A classifier was separately developed including 80% of the LAC with stage I (n = 59) and the benign samples (n = 54). When the TreeBagger model was applied on the validation set of the remaining 20% of samples (15 cancer and 14 controls) a specificity of 93% and a sensitivity of 86% was obtained (Table 6). The proteins with most discriminatory power in this analysis were FCRLB, VEGFR-3 and TXLNA that were not detectable (below the medium value as cut-off) in 39% of the LAC samples and 2% of the benign samples.
Furthermore, in a separated analysis the LAC with stage I (n = 59) was compared with a subgroup of benign samples not associated with inflammation (n = 22). When the TreeBagger model applied on the remaining 20% of samples (15 cancer and 6 controls) a specificity of 67% and a sensitivity of 93% was obtained (Table 7). The proteins with most discriminatory power in this analysis were CYR61, WFDC2 and SCAMP3 that were detected at high levels (above medium value as cut-off) in 46% of the LAC samples and in none of the benign samples.
Finally, we investigated whether a classifier could separate benign disease from the combined group of LAC, CRC met and typical carcinoids. Using the TreeBagger model, we reached a high specificity of 98% but a low sensitivity of 14% between malignant and benign lung diseases (Table 8). A ROC curve based on the TreeBagger model of the remaining 20% of all cancer samples (LACs, CRC met and typical carcinoids) and 20% of the benign samples resulted in an AUC of 0.76 (Fig. 5).
Assays based on blood samples hold great potential as primary screening methods for cancer, because they are non-invasive, relatively inexpensive and easily applicable in clinical practice. However, specific or sensitive blood-based tumor markers, such as PSA for prostate cancer or Septin 9 methylated DNA for colorectal cancer , has yet not been identified in lung cancer. The technology applied in this study is a multiplex assay analyzing 92 proteins simultaneously and is based on the PEA . The PEA technology offers several advantages compared to conventional immunoassays: (1) The technique is ultrasensitive allowing detection of proteins in pico- to femtomolar concentrations. This is non-inferior or better than most commercially available single-plex immunoassays . (2) The use of DNA-conjugated pairs of antibodies minimizes reported signals due to unspecific cross-reactivities, thus providing high specificity for each analyzed protein. (3) The required plasma volume is minimal with only one μl, avoiding extensive blood sampling and saving valuable blood samples in clinical studies and samples from biobanks. (4) The possibility of multiplexing without compromising specificity and sensitivity facilitates disease specific assays to identify signatures for different clinical needs. Therefore, the assay seems to be an advanced and beneficial tool to analyze protein profiles as potential cancer biomarkers. The assay is currently only used for screening and research purposes. However, the use as companion diagnostics in several clinical trials, mostly in the context of heart diseases, indicates its potential as a diagnostic tool in the clinical setting . In addition, after identification of the most relevant proteins, a dedicated panel with a few proteins or a single protein assay might be established.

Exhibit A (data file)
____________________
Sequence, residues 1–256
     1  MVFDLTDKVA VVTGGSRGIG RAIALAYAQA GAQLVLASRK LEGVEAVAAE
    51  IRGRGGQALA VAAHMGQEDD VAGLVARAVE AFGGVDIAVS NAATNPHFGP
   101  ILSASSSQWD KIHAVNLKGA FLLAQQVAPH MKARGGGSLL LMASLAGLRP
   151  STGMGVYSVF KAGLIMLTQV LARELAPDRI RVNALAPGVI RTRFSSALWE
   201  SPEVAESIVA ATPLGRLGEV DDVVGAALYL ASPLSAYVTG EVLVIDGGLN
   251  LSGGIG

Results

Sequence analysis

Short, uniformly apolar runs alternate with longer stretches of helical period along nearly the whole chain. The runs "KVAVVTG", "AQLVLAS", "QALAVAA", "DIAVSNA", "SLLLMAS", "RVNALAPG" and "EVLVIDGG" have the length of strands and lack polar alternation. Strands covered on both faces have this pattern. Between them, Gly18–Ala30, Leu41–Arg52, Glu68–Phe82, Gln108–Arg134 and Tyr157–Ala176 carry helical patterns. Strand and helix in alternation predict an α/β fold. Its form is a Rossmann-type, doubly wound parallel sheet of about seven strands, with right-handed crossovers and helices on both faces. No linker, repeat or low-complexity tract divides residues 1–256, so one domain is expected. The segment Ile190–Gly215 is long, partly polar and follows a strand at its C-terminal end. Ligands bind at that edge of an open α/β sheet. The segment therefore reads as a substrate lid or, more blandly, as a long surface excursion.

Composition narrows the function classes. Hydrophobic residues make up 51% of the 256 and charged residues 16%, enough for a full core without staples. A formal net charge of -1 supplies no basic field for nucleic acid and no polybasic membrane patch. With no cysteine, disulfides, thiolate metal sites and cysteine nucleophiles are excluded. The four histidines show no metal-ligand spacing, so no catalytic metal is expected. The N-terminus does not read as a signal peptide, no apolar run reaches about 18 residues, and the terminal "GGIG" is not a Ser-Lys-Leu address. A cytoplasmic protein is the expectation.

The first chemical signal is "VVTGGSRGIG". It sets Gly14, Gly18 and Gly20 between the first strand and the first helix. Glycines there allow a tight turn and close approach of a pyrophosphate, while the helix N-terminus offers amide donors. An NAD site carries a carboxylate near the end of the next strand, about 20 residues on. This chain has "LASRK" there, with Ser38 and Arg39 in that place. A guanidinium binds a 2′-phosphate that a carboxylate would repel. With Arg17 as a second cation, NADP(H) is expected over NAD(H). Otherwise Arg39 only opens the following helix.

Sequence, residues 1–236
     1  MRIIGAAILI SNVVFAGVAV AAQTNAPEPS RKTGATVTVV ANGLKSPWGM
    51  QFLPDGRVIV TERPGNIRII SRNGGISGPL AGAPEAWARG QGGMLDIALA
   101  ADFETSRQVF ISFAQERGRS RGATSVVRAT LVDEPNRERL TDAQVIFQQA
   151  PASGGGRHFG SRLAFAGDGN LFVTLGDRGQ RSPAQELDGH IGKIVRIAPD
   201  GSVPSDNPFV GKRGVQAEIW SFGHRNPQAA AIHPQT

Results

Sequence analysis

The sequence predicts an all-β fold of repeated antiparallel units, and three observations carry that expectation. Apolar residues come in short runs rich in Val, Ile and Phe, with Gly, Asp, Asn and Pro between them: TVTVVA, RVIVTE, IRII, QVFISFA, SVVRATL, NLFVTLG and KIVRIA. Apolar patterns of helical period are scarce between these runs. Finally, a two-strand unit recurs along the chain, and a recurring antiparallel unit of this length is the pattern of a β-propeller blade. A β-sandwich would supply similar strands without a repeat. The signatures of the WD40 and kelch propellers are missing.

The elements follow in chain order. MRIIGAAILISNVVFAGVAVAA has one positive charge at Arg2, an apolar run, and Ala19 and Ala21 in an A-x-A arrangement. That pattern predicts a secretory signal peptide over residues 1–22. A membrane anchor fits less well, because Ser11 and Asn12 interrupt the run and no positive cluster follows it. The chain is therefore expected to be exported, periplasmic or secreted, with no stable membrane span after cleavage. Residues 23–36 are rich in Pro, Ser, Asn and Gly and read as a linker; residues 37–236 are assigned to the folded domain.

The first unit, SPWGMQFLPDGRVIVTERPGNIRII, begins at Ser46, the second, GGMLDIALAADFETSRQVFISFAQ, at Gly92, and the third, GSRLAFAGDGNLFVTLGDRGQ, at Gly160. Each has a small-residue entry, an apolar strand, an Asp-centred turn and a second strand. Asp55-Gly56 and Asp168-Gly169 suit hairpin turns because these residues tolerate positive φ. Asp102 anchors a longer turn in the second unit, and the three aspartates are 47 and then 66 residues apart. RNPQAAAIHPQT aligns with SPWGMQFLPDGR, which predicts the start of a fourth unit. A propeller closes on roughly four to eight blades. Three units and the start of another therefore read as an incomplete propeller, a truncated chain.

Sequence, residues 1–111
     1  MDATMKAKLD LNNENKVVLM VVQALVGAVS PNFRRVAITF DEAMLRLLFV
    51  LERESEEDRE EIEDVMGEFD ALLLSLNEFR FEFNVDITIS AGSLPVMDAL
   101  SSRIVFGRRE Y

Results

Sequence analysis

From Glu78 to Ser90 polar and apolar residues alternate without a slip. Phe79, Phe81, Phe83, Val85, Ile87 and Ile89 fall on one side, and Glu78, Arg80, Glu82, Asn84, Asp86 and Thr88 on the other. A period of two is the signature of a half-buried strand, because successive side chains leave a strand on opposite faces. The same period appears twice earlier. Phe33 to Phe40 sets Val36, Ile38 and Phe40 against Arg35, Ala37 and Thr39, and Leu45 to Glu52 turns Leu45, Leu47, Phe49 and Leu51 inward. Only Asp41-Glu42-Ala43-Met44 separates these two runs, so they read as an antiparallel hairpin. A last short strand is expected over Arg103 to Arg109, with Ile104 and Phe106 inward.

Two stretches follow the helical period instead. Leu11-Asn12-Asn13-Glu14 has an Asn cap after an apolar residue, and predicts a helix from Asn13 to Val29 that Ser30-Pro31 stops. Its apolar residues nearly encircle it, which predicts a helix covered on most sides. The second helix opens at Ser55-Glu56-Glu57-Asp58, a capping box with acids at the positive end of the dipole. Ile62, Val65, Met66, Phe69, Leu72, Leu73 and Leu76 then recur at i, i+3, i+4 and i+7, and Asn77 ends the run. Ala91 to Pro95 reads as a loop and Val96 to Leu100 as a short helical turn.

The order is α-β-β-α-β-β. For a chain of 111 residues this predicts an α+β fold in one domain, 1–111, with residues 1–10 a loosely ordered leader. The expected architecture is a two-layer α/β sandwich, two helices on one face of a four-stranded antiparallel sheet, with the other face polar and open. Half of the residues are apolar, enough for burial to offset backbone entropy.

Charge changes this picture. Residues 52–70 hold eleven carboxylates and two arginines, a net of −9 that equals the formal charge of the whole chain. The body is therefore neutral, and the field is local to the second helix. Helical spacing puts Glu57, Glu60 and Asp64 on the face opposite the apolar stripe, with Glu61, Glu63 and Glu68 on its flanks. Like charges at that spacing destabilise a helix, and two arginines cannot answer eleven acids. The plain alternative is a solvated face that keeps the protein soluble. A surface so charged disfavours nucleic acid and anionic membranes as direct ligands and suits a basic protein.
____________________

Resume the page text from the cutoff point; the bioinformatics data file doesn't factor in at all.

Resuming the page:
The selected targeted proteins are generally involved in tumor immunity, chemotaxis, vascular and tissue remodeling, apoptosis and tumor metabolism. With this background, it is important to consider that the protein panel was not developed explicitly for lung cancer.
Despite this more general assay set-up, altogether 30 out of 92 proteins (33%) demonstrated differential plasma concentration between lung cancer samples and samples derived from patients with non-malignant lung disease. Even after rigorous adjustment for multiple testing, four proteins remained significantly different (CEACAM5, CXCL17, VEGFR2 and ERBB3).